Location of hydraulic jump in a streambed or an engineered structure
In the design of a dam the energy of the fast-flowing stream over a spillway must be partially dissipated to prevent erosion of the streambed downstream of the spillway, which could ultimately lead to failure of the dam. This can be done by arranging for the formation of a hydraulic jump to dissipate energy. To limit damage, this hydraulic jump normally occurs on an apron engineered to withstand hydraulic forces and to prevent local cavitation and other phenomena which accelerate erosion.
In the design of a spillway and apron, the engineers select the point at which a hydraulic jump will occur. Obstructions or slope changes are routinely designed into the apron to force a jump at a specific location. Obstructions are unnecessary, as the slope change alone is normally sufficient. To trigger the hydraulic jump without obstacles, an apron is designed such that the flat slope of the apron retards the rapidly flowing water from the spillway. If the apron slope is insufficient to maintain the original high velocity, a jump will occur.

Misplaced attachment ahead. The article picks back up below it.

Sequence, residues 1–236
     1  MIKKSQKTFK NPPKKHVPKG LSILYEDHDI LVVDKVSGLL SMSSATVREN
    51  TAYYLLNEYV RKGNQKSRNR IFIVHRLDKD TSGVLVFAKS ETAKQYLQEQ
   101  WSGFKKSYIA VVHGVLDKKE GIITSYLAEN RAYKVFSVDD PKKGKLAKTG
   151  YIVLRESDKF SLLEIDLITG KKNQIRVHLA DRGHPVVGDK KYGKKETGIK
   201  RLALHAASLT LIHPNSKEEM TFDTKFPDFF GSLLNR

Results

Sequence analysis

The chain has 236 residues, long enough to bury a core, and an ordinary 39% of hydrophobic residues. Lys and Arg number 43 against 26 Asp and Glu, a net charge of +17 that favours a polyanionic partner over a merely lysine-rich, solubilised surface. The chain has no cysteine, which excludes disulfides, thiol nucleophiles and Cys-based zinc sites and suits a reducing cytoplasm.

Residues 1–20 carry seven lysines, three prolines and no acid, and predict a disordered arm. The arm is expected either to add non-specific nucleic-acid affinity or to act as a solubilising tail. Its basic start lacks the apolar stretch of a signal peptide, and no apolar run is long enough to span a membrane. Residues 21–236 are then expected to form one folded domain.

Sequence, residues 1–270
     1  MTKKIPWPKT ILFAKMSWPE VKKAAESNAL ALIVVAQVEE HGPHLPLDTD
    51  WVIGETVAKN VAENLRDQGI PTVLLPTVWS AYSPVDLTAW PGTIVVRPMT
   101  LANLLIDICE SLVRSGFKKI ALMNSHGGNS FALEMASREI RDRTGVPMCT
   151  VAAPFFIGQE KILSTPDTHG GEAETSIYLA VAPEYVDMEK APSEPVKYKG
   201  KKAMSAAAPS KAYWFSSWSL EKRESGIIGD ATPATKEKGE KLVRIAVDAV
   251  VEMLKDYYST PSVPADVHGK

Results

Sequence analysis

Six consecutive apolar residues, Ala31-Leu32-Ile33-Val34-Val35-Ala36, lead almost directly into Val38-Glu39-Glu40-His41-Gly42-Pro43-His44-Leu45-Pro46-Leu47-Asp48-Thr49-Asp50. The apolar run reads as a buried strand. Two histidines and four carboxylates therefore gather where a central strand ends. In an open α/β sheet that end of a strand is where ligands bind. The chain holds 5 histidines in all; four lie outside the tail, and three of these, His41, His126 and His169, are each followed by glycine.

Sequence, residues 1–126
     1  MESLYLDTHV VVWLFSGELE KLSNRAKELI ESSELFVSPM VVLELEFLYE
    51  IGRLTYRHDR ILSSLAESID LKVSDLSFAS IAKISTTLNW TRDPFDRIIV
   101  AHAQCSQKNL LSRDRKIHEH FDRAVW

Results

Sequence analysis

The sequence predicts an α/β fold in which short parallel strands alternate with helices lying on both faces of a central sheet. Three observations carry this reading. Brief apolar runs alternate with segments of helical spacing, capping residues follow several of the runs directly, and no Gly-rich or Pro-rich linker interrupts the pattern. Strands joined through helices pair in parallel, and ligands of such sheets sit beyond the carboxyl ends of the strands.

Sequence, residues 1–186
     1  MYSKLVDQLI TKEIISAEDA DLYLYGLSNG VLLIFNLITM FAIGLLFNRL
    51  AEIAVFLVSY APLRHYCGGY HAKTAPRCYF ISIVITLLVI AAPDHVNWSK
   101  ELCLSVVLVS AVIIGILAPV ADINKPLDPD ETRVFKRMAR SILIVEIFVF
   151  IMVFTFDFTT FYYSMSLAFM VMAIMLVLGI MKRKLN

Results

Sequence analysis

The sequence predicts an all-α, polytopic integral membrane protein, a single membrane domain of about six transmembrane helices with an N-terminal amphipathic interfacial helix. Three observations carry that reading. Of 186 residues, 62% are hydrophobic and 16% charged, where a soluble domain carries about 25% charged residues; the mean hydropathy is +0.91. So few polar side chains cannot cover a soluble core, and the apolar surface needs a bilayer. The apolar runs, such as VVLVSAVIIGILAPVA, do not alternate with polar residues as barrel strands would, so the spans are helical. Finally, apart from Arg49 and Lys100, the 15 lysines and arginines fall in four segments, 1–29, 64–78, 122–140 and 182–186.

Two methods of designing an induced jump are common:
- If the downstream flow is restricted by the down-stream channel such that water backs up onto the foot of the spillway, that downstream water level can be used to identify the location of the jump.
- If the spillway continues to drop for some distance, but the slope changes such that it will no longer support supercritical flow, the depth in the lower subcritical flow region is sufficient to determine the location of the jump.